Done my duty

I’ve just been down to the local school to vote. My totally irrelevant and unscientific observations:

* Voting early(ish). The polling booths have been busy all day. Since the total number of voters can’t change much, it looks as if people are voting earlier than usual

* Return of the true believers. I’ve always had a superstitious belief that attitudes to how-to-vote cards are indicative of something. I saw a string of people walk straight past the Liberal canvasser, which suggests to me that Labor voters are feeling keener than they have for some time.

* I must say it was pleasant to vote the Labor party ticket for once. Next time I’ll go back to my usual practice of carefully ranking all the candidates, but this time I agreed with Labor’s proposed order for the Reps and I trusted the backroom guys to get the preferences right for the Senate.

* Some commenters pointed out that by voting Labor I denied the Greens their allocation of public funding. But I think my defence of their economic policies against the bizarre attacks mounted by the right was worth more than the $2 or so my first preference would have gained them

7 thoughts on “Done my duty

  1. Having worked on booths for years and years in state and federal polls, a large number of people refusing the Lib how to vote is a good sign – it often predicted who would win the booth.

  2. I’ve just been to vote too, one thing I did notice is that all the election officials were women, I wonder how they select them. Oh, and the guy handing out how to vote cards for the greens was wearing a green vest ๐Ÿ™‚ and argueing with the FFP ppl.. ๐Ÿ™‚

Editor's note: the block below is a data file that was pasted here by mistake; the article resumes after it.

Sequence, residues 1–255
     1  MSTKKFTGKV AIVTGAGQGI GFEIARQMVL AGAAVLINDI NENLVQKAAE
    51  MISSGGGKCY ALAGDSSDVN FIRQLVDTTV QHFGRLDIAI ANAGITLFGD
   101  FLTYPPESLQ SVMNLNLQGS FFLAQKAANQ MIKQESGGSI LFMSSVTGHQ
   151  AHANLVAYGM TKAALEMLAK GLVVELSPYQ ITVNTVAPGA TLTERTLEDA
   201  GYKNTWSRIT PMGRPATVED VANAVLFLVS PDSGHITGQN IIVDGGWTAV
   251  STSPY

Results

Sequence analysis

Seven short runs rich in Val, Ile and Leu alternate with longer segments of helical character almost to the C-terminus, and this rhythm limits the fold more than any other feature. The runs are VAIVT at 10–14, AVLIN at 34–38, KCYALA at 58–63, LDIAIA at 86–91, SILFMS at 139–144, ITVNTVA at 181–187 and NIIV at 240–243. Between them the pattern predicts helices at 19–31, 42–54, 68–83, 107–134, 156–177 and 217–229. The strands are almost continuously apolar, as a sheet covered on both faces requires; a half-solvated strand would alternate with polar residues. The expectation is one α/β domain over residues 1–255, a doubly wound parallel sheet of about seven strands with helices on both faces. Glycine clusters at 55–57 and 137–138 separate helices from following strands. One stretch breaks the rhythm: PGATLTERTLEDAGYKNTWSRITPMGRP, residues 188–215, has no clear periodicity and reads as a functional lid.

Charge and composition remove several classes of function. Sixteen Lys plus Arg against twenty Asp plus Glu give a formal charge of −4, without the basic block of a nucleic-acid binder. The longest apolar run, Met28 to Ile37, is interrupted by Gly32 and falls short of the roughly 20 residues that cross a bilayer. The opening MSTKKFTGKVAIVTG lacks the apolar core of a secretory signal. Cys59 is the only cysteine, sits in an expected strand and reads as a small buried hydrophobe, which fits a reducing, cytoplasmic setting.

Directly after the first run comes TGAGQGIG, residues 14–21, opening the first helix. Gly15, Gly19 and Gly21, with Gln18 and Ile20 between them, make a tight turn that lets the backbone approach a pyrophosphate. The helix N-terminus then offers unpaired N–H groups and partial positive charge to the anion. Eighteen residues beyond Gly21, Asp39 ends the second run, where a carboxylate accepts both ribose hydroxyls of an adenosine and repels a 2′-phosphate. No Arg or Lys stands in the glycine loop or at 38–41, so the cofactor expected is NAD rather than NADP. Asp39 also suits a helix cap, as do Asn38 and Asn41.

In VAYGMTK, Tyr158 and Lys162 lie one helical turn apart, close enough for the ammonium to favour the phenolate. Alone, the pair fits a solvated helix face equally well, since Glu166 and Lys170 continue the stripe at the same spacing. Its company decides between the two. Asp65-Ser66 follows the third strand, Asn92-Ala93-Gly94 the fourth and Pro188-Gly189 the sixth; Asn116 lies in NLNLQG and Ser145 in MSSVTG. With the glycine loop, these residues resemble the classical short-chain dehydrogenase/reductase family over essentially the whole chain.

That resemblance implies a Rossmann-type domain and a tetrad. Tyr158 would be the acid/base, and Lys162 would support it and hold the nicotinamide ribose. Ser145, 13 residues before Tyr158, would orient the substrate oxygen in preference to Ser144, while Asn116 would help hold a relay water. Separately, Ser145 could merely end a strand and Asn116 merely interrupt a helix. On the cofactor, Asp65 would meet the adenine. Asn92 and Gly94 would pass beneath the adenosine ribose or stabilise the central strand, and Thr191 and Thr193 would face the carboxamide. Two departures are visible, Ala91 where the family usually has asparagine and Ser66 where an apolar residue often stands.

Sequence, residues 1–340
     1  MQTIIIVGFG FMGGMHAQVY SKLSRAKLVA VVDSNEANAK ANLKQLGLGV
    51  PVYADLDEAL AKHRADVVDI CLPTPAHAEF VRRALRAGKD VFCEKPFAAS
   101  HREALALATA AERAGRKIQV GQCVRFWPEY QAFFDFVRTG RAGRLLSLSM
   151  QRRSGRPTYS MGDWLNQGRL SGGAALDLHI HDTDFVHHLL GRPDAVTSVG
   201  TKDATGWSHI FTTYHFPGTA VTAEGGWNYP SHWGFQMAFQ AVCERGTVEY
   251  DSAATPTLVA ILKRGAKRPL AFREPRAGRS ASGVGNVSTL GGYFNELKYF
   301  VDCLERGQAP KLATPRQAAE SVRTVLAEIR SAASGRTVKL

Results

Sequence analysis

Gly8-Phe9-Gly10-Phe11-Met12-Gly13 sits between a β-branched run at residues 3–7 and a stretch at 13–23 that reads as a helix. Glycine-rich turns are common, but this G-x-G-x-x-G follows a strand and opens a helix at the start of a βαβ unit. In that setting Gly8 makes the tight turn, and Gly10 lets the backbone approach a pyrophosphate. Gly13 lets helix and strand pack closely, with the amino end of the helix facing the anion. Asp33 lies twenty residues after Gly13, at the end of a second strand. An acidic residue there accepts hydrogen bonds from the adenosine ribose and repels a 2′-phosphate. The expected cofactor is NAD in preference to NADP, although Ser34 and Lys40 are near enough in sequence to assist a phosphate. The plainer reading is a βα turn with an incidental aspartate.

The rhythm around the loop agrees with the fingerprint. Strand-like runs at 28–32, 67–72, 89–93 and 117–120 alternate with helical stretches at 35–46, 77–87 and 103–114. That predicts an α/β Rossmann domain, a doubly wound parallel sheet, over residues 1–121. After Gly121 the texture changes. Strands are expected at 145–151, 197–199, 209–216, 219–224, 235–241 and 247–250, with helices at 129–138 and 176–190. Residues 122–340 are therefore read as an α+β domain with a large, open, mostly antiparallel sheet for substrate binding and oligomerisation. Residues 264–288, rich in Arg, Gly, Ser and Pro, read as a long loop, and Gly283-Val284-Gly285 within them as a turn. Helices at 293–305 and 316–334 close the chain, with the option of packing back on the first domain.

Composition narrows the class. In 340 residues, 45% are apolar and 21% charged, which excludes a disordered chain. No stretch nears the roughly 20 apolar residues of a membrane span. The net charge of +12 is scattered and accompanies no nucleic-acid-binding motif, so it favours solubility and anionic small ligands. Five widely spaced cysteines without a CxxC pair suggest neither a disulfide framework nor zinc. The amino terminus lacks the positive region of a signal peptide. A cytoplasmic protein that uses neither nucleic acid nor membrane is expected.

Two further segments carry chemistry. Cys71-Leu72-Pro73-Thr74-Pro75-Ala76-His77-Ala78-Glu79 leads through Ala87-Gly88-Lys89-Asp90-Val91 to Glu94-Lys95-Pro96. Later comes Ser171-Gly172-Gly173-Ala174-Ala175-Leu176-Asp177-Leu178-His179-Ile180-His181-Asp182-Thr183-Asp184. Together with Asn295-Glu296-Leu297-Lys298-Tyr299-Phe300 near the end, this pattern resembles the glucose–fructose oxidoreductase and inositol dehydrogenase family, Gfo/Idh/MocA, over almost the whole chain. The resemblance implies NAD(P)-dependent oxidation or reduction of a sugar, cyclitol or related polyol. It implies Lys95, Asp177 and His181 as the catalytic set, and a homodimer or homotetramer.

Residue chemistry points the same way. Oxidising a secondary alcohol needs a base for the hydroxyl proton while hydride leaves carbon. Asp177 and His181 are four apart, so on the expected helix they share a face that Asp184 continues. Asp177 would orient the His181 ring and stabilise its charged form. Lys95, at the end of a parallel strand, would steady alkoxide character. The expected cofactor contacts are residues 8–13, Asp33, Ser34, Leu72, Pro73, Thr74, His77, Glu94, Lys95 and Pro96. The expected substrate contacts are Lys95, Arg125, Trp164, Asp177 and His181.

3. You might have gotten away with it in QLD John, but your readers in other states might want to vote below the line if they plan to vote ALP in the Senate.
    In some states the ALP is preferencing Family First before the Greens or the Democrats. Tasmanians, Victorians and New South Welshmen might be particularly at risk

  4. Sociological oddity. Who should be present at my Melbourne Ports polling booth, handing out how-to-vote cards, but Michael Danby himself. Can’t recall any earlier occasion on which a well-known and long-established incumbent felt the need to do this in person. Perhaps he really is rattled, although according to yesterday’s Herald Sun it would need a 5% swing to unseat him, and although for every pro-Liberal poster on display in local shopping centres there are at least a dozen posters for Danby himself.

  5. Election Day
    It’s election day back in Australia and I wish I was there for our great secular ritual, heading down to the polling booth at Downer shops in Canberra. Looks like pretty nice weather across the country, a nice sunny day,…

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